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Publication numberUS3397345 A
Publication typeGrant
Publication dateAug 13, 1968
Filing dateDec 2, 1965
Priority dateDec 2, 1965
Publication numberUS 3397345 A, US 3397345A, US-A-3397345, US3397345 A, US3397345A
InventorsDunlavey Robert J
Original AssigneeTeletype Corp
Export CitationBiBTeX, EndNote, RefMan
External Links: USPTO, USPTO Assignment, Espacenet
Electrode assembly for fluid transfer device
US 3397345 A
Abstract  available in
Images(4)
Previous page
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Claims  available in
Description  (OCR text may contain errors)

1968 R. J. DUNLAVEY 3,397,345

ELECTRODE ASSEMBLY FOR FLUID TRANSFER DEVICE Filed Dec. 2. 1965 4 Sheets-Sheet 1 o /o O O O O O INVNTOR ROBERT Jo DUNLAVEY FIG. I YWLZZM d, We

ATTORNEY 5 4 7 9 3 E C I v E D R E F S N A R T D I U L F R O F Y L B M E s S A E D O R T C E L E Aug. 13, 1968 R. .1. DUNLAVEY 4 Sheets-Sheet 2 Filed Dec. 2, 1965 ODUDD FIG.

Aug. 13, 1968 R. .1. DUNLAVEY 3,397,345

ELECTRODE ASSEMBLY FOR FLUID TRANSFER DEVICE Filed Dec. 2, 1965 4 Sheets-Sheet 5 5 FIG. FIG. FIG.

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FIG.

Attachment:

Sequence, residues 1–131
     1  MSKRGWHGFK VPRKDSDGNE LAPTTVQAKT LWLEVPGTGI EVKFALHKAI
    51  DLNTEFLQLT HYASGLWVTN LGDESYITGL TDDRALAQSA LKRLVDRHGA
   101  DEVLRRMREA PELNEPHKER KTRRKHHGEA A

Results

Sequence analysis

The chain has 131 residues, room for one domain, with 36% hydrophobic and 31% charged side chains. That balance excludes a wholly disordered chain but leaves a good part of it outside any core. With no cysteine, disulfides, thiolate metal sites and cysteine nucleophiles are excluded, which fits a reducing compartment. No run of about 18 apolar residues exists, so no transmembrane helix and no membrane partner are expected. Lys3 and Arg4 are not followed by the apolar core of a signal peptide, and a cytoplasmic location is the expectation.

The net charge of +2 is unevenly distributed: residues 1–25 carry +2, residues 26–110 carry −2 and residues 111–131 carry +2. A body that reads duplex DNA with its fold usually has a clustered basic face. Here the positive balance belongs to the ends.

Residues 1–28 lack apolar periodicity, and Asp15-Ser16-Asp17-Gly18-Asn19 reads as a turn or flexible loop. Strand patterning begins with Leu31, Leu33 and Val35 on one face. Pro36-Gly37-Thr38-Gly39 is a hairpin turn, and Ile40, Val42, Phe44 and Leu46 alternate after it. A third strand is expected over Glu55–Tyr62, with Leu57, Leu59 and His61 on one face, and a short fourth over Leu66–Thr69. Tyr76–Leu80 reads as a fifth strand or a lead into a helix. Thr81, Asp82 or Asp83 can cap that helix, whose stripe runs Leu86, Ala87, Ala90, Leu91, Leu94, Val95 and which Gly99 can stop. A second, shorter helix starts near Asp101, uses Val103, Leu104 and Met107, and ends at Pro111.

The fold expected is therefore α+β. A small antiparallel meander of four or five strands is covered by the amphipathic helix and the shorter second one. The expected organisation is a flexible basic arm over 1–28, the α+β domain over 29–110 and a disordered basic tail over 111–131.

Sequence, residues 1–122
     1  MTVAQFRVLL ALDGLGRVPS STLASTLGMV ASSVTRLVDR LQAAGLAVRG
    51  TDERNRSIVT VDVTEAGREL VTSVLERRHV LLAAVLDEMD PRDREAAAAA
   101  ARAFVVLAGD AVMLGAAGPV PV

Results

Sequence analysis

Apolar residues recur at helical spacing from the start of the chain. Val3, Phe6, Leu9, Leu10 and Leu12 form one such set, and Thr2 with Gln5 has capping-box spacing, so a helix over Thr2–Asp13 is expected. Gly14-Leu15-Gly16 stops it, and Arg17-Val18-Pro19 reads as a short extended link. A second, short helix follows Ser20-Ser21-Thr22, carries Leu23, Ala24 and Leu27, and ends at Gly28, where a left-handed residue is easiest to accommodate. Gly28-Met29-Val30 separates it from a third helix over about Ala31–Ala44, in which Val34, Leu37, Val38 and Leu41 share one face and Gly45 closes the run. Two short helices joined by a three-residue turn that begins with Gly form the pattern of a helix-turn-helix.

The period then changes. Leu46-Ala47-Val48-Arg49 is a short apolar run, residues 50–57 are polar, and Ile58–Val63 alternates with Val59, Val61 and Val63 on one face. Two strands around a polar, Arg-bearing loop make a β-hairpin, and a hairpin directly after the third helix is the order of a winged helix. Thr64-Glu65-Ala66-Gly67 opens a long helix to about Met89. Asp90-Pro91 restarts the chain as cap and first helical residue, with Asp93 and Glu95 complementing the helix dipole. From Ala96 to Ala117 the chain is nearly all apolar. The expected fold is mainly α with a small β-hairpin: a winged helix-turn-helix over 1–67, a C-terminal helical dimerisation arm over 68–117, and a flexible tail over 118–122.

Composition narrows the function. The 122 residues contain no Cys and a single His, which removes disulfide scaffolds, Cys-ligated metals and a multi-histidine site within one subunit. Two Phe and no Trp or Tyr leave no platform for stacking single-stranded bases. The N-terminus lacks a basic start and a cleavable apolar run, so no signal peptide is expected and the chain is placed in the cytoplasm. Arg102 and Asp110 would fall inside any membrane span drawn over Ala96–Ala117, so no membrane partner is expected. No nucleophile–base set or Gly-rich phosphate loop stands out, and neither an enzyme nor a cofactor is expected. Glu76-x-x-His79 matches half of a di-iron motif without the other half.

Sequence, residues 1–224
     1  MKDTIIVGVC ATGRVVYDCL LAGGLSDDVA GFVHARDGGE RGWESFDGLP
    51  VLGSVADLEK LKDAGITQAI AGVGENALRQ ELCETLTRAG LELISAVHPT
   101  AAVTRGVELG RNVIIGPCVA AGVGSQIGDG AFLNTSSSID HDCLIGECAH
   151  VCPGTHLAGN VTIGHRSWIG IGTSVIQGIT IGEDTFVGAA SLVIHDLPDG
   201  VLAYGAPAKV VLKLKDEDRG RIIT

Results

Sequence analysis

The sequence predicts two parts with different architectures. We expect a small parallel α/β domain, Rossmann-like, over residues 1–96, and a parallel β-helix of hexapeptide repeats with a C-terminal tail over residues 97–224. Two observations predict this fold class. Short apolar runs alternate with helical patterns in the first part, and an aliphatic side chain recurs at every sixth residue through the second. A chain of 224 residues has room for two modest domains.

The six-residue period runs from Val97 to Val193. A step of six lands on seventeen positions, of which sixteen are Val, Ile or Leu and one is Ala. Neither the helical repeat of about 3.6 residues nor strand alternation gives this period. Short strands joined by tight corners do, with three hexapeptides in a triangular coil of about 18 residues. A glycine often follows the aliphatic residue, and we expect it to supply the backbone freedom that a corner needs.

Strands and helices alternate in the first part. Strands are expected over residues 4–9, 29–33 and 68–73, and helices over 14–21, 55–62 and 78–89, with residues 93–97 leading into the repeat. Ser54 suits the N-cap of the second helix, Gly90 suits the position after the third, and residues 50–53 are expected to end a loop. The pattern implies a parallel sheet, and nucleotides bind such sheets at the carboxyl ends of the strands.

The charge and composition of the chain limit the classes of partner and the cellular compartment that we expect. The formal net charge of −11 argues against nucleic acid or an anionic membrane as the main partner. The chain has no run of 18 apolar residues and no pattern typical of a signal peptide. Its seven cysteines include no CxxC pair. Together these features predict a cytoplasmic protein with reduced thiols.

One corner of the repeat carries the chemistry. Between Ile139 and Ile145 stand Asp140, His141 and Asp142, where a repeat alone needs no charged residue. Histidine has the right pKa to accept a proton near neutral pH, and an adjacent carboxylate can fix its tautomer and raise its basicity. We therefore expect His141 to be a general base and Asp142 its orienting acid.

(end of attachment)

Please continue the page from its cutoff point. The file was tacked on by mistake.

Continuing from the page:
United States Patent 3,397,345 ELECTRODE ASSEMBLY FOR FLUID TRANSFER DEVICE Robert J. Dunlavey, Palatine, Ill., assignor to Teletype Corporation, Skokie, Ill., a corporation of Delaware Filed Dec. 2, 1965, Ser. No. 511,084 2 Claims. (Cl. 317-3) ABSTRACT OF THE DISCLOSURE An electrode structure is formed by etching a plurality of plates of the electrode material to form the desired electrode shapes but with the electrodes still connected to the outer edges of the plates to form a temporary support; making electrical strapping connections between selected electrodes; stacking the plates; potting with epoxy the portions of the electrodes which are to be unexposed; and severing the electrodes from the temporary support. The completed structure results in electrodes arranged in planes perpendicular to the quiescent path of charged ink particles passing through the gaps in the electrodes.